Town (or Top) Lock
No sooner are you afloat than you are climbing out again. The summit pound is maybe a quarter of a mile long and then you are faced with the inoperable town lock. It has been partially restored at some point, but for now it is only sound enough to maintiain a full pound of water above, but wouldn't cope with boater operation.
Town Lock leading to summit pound
The towpath is on the town side but this has been built on, and the lockside incorporated into a garden. We therefore portaged round the other side, walking over a field in search of somewhere to get back in. The lock tail is down a steep and overgrown bank and inaccessible to canoeists.
Town Lock top gates
The best option we could find is at a concrete sewage outfall point a couple of hundred yards downstream (yeh, I know - lovely!). There was a narrow path down a steep bank and then we launched the kayaks off a submerged concrete shelf which forms part of the outfall. Watch out - the steel edge stands proud of the concrete and will scratch your boat if that matters to you.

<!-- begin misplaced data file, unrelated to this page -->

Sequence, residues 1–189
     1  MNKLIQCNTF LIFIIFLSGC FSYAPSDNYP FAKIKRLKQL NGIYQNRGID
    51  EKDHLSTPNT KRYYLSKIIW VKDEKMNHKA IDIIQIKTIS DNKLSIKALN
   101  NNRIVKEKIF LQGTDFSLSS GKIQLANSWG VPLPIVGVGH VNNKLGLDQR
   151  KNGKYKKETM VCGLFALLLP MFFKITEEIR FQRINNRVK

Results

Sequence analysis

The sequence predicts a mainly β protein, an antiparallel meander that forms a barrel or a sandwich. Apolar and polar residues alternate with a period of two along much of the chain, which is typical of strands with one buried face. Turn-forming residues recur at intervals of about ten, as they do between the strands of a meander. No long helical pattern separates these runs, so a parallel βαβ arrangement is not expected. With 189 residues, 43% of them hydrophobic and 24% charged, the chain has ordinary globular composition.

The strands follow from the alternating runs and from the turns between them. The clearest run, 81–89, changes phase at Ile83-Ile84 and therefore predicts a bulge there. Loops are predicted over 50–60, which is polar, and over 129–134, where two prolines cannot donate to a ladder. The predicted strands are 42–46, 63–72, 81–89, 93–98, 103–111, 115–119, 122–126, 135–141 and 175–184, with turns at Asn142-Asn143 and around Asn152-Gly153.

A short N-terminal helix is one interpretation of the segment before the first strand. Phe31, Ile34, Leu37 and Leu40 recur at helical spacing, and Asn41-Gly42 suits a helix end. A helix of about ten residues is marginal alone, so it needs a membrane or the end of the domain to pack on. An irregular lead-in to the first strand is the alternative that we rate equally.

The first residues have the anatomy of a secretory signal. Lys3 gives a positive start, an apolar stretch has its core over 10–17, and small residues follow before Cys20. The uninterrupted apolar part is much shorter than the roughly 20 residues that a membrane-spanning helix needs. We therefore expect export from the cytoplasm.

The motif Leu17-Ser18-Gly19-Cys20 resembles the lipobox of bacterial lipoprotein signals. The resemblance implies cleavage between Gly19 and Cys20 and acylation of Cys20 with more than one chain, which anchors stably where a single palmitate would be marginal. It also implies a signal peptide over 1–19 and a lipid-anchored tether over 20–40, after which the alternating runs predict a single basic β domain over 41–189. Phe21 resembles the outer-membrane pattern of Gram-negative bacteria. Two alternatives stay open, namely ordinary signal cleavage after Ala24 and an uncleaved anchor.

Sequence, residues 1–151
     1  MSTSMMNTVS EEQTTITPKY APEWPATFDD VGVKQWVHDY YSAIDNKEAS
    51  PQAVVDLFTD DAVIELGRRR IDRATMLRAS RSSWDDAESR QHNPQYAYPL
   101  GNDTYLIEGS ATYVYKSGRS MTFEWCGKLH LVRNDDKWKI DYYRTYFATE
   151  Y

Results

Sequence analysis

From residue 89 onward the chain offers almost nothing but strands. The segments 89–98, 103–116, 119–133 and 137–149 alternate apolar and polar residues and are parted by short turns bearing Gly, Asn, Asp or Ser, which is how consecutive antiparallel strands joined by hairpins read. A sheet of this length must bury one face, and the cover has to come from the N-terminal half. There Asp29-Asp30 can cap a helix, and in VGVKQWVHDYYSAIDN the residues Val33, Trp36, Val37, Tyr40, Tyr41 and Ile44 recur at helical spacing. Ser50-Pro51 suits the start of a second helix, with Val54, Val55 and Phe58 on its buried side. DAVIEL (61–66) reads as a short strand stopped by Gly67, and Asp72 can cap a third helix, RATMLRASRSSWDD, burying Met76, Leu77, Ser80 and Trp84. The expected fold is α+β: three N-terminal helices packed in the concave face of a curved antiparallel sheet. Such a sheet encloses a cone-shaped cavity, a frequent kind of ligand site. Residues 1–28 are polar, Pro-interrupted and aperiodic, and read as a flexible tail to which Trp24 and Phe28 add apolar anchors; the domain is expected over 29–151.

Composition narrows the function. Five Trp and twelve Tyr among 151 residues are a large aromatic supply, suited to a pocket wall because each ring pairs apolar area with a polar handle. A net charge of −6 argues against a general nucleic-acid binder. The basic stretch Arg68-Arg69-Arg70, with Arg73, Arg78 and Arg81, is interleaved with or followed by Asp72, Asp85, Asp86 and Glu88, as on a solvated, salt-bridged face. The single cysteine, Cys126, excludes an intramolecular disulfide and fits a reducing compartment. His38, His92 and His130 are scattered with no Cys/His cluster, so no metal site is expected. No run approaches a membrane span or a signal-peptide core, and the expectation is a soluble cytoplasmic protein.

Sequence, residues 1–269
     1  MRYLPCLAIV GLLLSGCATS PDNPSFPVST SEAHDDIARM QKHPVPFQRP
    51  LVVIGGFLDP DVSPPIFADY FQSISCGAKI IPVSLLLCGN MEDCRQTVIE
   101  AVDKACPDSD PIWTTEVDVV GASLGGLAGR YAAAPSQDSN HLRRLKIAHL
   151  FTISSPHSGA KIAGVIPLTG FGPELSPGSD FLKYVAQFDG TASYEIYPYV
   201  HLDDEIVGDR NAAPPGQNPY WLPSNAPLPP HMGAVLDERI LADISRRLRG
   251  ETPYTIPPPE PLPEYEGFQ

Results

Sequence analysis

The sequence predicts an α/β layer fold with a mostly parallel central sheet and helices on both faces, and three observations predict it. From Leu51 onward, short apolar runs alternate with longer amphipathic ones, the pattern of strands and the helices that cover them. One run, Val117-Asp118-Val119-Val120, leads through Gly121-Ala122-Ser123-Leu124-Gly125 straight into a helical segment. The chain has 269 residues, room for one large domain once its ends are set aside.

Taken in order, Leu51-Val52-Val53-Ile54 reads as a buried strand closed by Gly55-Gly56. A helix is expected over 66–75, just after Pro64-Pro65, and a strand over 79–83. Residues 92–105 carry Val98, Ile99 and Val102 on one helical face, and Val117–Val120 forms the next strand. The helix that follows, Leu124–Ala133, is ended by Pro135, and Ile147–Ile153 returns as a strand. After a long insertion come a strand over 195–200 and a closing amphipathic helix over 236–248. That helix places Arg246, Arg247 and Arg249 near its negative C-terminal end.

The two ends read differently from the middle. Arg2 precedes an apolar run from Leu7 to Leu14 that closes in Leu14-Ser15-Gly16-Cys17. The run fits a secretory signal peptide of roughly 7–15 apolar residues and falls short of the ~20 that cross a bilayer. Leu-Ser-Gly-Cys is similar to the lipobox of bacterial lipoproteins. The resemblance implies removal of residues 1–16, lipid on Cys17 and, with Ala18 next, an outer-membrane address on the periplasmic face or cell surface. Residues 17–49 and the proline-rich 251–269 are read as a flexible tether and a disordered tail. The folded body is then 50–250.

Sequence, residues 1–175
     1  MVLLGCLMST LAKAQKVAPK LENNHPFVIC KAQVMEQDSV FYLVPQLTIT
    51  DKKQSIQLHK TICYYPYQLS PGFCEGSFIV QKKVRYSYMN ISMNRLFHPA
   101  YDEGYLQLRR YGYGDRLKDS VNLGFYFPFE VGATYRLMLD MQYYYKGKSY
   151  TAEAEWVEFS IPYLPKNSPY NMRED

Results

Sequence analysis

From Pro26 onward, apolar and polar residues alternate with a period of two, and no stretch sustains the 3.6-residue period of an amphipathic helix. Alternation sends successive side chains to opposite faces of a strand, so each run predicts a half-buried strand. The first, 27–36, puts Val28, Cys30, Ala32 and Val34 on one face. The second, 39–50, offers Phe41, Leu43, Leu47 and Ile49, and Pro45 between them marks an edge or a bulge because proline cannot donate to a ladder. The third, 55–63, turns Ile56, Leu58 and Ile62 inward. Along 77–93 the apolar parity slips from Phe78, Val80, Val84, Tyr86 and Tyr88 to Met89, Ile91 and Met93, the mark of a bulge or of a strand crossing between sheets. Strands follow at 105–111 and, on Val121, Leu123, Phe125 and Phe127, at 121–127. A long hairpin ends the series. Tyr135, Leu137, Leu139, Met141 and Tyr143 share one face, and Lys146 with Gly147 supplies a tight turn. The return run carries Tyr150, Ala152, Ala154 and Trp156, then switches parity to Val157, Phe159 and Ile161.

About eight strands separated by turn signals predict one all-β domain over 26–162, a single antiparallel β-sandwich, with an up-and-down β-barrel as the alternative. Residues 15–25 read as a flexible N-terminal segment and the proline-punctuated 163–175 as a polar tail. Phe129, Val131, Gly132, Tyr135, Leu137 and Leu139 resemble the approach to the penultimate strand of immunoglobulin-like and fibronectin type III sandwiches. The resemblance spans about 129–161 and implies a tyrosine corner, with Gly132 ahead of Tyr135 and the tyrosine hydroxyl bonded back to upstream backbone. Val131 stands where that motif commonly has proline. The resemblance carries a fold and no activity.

Downstream from Town Lock
From there the canal runs fairly straight in a shallow cutting between hedges, the watercourse varying in depth and speed which spells of floating weed which worsens as you approach Whinhill Lock.
There is a family of swans on this reach who are not used to canoes. Mum and Dad let us past after a bit of posturing but the six cygnets were stupid in the extreme, paddling and paddling away from us until, one by one, they crashed away into the reedy margins exhausted and frightened. They wern't the only ones that were knackered - we had been paddling hard and steady for ages, all the time waiting for a flap, flap, flap from behind marking the return of a protective father.